Sports

New Ball Field Will Give Kids With Disabilities a Place to Play

Miracles Happen

Right now it’s just a field of dirt and mud.

In a year, this will be a field of dreams.

At a barren field at the Kidsports athletic complex near Flathead Valley Community College, construction is under way to help create a state-of-the-art ball field for children with disabilities. The field is being built along with four conventional ball fields, but this field is unusual: it has a special synthetic surface that allows children with disabilities — mental or physical — to compete in sports like baseball or soccer. With a smooth surface the field allows children in wheelchairs to run (or wheel) the bases like able-bodied kids.

The Kalispell Rotary Club is helping build Montana’s first “Miracle League” field. The Miracle League is a national charitable organization that provides children with mental or physical disabilities the opportunity to play organized sports. The first field of its kind was built in Conyers, Georgia.

The Kalispell Miracle League field will be an addition to several other baseball, soccer and football fields at the Kidsports complex.

The Kalispell Rotary Club is committing $100,000 to help build the field, which will cost over $300,000 total, according to club president Nancy Manning. She said the Rotary Club— one of the largest service organizations in Kalispell with over 125 members — first heard of the Miracle League fields when Kidsports official Dan Johns made a presentation to the club about a year ago.

By the time Johns had finished his presentation about Miracle League to the club, Manning said, there were more than a few people in tears. Manning, too, had been so moved by the idea of building a sports facility for children with disabilities she pushed the club’s board to endorse the project. To date they’ve raised $20,000 toward their goal. That figure was helped by a $2,500 donation from the Kalispell Lions Club, Manning said.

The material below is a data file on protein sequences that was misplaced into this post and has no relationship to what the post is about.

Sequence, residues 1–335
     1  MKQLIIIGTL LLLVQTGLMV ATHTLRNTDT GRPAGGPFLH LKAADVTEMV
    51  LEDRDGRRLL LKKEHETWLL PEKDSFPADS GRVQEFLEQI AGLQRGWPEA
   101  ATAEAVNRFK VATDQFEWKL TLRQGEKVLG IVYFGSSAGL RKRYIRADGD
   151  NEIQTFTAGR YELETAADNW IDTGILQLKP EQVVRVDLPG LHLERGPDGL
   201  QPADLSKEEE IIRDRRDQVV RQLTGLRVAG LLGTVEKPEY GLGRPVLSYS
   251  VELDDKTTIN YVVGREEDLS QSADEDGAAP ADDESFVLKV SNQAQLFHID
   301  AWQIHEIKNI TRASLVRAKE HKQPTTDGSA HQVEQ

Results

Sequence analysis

“We’re so excited,” Manning added. “People’s hearts just went out for this project when we learned about it. Rotary is focused on kids, and this just seemed to be a natural for us.”

The Kalispell Miracle League field is slated for completion in 2008. The field will serve over 600 people with disabilities, according to Williams, who noted that having the field in Kalispell will allow it to play host to events like Special Olympics.

To make a donation or learn more about the Miracle League field, call Rotary Club public relations officer Tamara Williams at Kalispell Insty Prints, 752-8812.

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